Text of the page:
Working in Winter
Alberta’s variable and unpredictable weather can create challenging working conditions. With winter weather swinging from day to day, hazardous conditions arise. Employers are responsible for protecting workers and other personnel at work sites from hazardous conditions. Additionally, workers have the responsibility for protecting themselves and others as much as is reasonable possible. With the cold snap we have looming for next week, remember to consider practices and procedures for working in hazardous winter conditions.
Working in winter can cause a number of hazardous conditions – working in the cold, hazardous road conditions, limited daylight hours, etc. Take into account the following hazardous conditions and how to address them:Keep walkways, driveways, parking areas and loading docks clear of snow and ice, and well lit.
- Keep shovels and de-icer available in the areas so they can be kept up.
- Ensure that heating and ventilation systems are in good working order.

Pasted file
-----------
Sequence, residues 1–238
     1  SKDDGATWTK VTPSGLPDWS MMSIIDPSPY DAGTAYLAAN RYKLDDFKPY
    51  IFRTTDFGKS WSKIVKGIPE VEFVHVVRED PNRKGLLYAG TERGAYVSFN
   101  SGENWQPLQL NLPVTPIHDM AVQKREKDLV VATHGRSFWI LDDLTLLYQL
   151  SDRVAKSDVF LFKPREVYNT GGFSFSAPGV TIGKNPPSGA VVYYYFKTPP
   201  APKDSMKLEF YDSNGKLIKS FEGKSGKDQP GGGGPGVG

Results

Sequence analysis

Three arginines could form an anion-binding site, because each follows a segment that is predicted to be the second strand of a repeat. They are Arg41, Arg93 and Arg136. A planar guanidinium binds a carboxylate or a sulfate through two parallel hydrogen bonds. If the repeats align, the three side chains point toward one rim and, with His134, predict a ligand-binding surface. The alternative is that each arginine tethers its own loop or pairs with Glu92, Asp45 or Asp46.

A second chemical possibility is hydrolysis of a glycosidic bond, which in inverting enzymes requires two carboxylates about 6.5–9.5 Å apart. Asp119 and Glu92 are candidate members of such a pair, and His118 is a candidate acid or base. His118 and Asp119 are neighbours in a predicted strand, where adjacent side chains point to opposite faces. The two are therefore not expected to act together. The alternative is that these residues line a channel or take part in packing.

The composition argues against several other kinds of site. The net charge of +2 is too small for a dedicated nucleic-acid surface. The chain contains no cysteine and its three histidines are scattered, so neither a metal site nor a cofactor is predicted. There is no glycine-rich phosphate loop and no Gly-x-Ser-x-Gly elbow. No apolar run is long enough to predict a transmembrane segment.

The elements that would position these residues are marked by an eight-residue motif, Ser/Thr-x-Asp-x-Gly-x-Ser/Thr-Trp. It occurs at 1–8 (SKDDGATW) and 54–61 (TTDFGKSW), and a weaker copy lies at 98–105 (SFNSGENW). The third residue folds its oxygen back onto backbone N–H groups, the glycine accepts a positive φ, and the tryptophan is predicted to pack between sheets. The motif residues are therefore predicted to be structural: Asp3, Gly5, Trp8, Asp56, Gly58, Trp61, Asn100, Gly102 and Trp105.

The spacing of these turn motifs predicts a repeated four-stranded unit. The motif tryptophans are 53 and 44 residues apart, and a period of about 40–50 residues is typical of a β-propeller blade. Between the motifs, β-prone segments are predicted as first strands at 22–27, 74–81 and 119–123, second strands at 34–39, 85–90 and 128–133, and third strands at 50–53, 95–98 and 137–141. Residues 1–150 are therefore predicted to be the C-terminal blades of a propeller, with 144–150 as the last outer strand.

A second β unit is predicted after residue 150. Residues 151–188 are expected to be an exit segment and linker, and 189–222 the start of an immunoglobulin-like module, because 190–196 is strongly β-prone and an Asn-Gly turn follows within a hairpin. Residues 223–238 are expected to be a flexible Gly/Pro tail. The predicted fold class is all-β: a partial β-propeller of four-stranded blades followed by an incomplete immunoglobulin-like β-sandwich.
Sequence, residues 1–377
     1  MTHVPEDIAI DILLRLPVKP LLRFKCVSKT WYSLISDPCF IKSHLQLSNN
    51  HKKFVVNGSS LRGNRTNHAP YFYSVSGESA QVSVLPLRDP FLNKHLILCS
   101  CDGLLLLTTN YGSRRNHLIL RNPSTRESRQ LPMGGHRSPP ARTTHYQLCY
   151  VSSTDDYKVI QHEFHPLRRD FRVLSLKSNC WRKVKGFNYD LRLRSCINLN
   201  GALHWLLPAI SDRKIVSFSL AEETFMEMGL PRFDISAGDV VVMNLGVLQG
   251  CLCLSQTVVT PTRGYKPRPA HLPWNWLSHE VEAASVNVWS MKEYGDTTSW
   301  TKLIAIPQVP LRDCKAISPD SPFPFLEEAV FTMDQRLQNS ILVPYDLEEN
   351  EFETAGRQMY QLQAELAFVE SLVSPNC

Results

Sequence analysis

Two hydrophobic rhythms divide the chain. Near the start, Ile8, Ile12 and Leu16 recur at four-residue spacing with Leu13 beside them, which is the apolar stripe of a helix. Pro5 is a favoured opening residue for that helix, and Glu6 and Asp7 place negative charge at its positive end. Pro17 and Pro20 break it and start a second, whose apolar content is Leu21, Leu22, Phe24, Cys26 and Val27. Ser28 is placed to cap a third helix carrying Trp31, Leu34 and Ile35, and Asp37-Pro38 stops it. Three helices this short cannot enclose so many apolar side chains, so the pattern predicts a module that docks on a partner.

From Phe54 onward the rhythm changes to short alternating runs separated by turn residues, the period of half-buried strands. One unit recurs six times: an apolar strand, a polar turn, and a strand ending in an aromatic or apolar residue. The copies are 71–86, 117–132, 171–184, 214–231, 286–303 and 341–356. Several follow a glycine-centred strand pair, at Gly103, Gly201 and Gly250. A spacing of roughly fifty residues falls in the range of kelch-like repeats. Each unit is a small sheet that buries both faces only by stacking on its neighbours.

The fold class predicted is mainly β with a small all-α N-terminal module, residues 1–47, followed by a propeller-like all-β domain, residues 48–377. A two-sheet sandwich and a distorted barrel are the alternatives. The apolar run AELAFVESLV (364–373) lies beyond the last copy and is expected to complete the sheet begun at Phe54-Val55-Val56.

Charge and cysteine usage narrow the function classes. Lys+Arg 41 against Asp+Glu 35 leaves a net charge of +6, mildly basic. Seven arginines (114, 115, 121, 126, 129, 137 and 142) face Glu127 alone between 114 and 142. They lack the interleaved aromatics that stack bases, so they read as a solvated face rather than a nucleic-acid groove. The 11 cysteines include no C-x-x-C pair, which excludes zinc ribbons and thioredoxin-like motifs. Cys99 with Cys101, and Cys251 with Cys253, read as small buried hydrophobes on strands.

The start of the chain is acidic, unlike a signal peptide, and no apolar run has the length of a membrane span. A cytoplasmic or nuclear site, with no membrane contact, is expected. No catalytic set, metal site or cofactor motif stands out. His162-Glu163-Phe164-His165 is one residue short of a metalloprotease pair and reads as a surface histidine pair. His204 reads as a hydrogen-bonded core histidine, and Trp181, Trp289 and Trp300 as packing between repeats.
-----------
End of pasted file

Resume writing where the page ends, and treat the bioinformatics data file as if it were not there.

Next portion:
- Check the weather forecast. Consider sending workers home early if conditions are deteriorating or offering work-from-home options if possible to eliminate the need for commuting.
In addition to the above, environmental and work site conditions need to be carefully considered to ensure hazards are addressed and mitigated as much as possible:
- Shortened daylight hours increase the need for adequate lighting in work areas, walkways and parking areas.
- Working at heights poses a higher risk in winter. Snow and ice can destabilize supports, pose slipping hazards, and add weight to roofs and raised surfaces.
- Give workers a period of time to adjust to the changing conditions before assigning a full work schedule.
- Provide enclosures and heating systems wherever possible.
- Ensure more frequent breaks are being taken to warm up, ensure work periods between breaks are an appropriate length for the current conditions.
- Ensure workers who are driving in winter conditions have an emergency supply kit available in the vehicle, which includes essentials such as a blanket, water, and shovel.
- Eliminate the need for workers to be working alone as much as possible.
- Provide training for workers performing tasks outside to recognize the signs and symptoms of overexposure, and have a medical response plan and equipment in place.
- Wear appropriate clothing – dress in layers, with the outermost layer being weatherproof, wear appropriate footwear with adequate insulation and tread.
For more information: Working Safely in the Heat and Cold